A country with a population that is 60% indigenous[12] where over 50 percent of the population lives in poverty is having a difficult time recovering. TPS would provide a temporary reprieve for the one and a half million Guatemalan immigrants living in the US, perhaps as many as 60 or 70 percent without the proper documentation, until the country was able to recover from the disasters. They would not be removed from the country because of their immigration status; they would be able to obtain a work permit and may be granted travel authorization to see their families and children.

TPS isn’t a magical solution to the migratory challenges that confront the US and its southern neighbors—the US still needs to pass comprehensive immigration reform. The US and Latin America should also work to design a more humane migratory system. However, that will take time. Right now, TPS is one tool that the executive branch has at its disposal and one that can have a positive effect on the lives of millions of people in Guatemala and in the United States.[13]


[1] LATIMES, July 10, 2014

[2] htm#Guatemala

[3] Guatemala ha sufrido en la última década dos grandes huracanes, Stan (2005), Agatha (2010). Incluyo una erupción volcánica también. Y dos terremotos en el occidente del país, de donde proviene la mayoría de los migrantes en EEUU, en los años 2012 y 2014.

[4] El 2014 Index of Fragile States by Foreign Policy and Fund for Peace, places Guatemala in the group of countries counted with a Fragile State (66 with 80.3 points), in matters relates to political, economic and social demands to the State. A fragile State refers to a government that has lost effective control of its territory, shown by its high insecurity index and violence, a high percentage of unsatisfied basic needs and low growth.

[5] Juan Carlos Zapata, Executive Director of Fundación para el Desarrollo de Guatemala (Fundesa), stated ..”It is important to pay attention to these studies and an effort should be made to strengthen the institutions, reduce the corruption perception and the generation of higher opportunities to reduce the migration. This weak state reflects much more the economic, commercial, and of investment than one that relates with its migrant community. – translated from El Periódico July 3, 2014


[7] Founded in 1998, the National Coalition of Guatemalan Immigrants in the United States (CONGUATE) aimed to influence migrant-related policy in both countries. In Guatemala, CONGUATE, through the years, has been working toward economic development and the strengthening of democracy in Guatemala, including giving Guatemalans abroad the right to vote. Thanks in part to CONGUATE’s efforts, the Guatemalan government created a Deputy Ministry for Human Rights and Migrant Affairs that publicizes the difficulties facing potential migrants going to the United States. To that end, the Office of the Human Rights Ombudsman signed an agreement with CONGUATE to monitor and protect migrants’ rights. MPI: Guatemala: Economic Migrants Replace Political Refugees.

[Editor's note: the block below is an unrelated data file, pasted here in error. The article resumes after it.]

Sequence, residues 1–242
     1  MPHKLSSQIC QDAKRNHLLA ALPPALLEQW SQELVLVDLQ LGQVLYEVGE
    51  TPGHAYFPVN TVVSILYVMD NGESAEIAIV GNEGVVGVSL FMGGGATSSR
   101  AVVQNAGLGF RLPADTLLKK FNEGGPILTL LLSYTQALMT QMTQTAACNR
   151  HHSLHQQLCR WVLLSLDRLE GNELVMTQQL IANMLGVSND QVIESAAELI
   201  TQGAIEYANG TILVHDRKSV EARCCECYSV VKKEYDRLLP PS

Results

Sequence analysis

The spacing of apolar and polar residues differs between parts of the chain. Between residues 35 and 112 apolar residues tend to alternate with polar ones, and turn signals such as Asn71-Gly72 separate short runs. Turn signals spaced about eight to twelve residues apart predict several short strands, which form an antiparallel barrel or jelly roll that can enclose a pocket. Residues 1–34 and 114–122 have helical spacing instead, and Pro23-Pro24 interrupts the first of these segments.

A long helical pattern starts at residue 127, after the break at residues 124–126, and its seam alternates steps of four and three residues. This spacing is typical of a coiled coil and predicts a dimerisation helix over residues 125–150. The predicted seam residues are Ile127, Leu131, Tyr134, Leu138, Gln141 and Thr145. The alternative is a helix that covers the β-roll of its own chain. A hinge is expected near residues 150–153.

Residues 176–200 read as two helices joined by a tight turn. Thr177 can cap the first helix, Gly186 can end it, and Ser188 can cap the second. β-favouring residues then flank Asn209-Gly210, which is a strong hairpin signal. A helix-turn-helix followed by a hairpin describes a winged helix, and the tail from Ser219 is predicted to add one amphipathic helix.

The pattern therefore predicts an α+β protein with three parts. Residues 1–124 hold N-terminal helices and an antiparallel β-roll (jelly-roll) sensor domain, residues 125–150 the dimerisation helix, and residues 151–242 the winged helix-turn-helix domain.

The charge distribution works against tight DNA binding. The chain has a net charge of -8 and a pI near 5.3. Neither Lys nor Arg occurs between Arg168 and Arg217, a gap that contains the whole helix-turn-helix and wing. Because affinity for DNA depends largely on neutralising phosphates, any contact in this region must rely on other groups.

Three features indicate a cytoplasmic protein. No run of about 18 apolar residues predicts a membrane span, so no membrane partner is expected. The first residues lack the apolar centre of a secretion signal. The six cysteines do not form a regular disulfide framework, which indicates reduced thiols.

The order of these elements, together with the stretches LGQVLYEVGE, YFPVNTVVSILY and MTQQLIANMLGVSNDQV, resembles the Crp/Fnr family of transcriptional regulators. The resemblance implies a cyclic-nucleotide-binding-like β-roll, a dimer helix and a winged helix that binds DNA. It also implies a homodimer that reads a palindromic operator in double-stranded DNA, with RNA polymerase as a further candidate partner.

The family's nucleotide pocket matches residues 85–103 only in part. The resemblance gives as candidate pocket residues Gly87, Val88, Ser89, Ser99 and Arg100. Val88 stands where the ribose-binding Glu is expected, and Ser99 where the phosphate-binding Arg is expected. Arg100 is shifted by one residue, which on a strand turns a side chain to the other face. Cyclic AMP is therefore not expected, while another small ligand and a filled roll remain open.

[8]Prensa Libre Newspaper – June 19, 2014, Migrant Section

[9] When the Guatemala Congress elaborate given life to the National Advisory for Migrant Attention of Guatemala (Consejo Nacional de Atención al Migrante de Guatemala -CONAMIGUA), the congressmen left many loopholes in the in the law to prevent migrants from being integral parts of the Advisory. Migrants do not have a seat in the National Executive Advisory of Conamigua because the congressmen in writing the law placed the text “The migrants have representation with voice without vote”. translated from Los Bastardos de Guatemala – May 24, 2013 – David Quiroa, President of Alianza por Guatemala.


[11] As of 2010, it was calculated that 40 % of Guatemalan territory was under narcotraffic control translated from
[12] 60% of the country’s total population, or around 6 million inhabitants are made up of indigenous Peoples. The human development report from 2008 indicates that 73% are poor and 26% are extremely poor (as opposed to 35% and 8 % respectively of the non-indigenous population). International Workgroup for Indian Affairs -2013.

[13] Mike Allison is associate professor in the Political Science


About the Authors:

Reny Bake is Guatemalan born of a Netherlands father and a Guatemalan mother, and raised in the rural area of Guatemala. She worked on DR CAFTA negotiations and other FTAs for Guatemala. She is an International Visitor Leadership Program alumnus (US Dept. Of State, 2005) and graduated from the Center for Hemispheric Defense Studies /National Defense University (DOD) where her coursework included “Estrategia y política de defense” (2009) and “Advanced Civil-Political-Military relations and democratic leadership”. She is presently a weekly economics columnist for the most prestigious Guatemalan newspaper, and an economic analyst and university professor in Guatemala. She has worked on several analyses related to the Guatemalan and Central American economies.

Hugo W. Merida – is Guatemalan born, raised in Los Angeles, California, and became a public accountant upon graduation from CSU-Los Angeles. He has been very close to organized businesses, trade and investment sectors in California, holding different positions in business groups and foundations for more than three decades, where he has been supporting and helping the US Latino community against social and economic discrimination. At present, he is the Chairman of the Board for the Los Angeles Metro Hispanic Chamber of Commerce, acting director for four community and business organizations and he is the Conamigua Elected Representative for the Guatemala Consular Jurisdiction in Los Angeles, and still practices tax and fiscal defense through a private practice in Los Angeles.

department at the University of Scranton in Pennsylvania.

Categories LATINOS IN USA, politicaTags , ,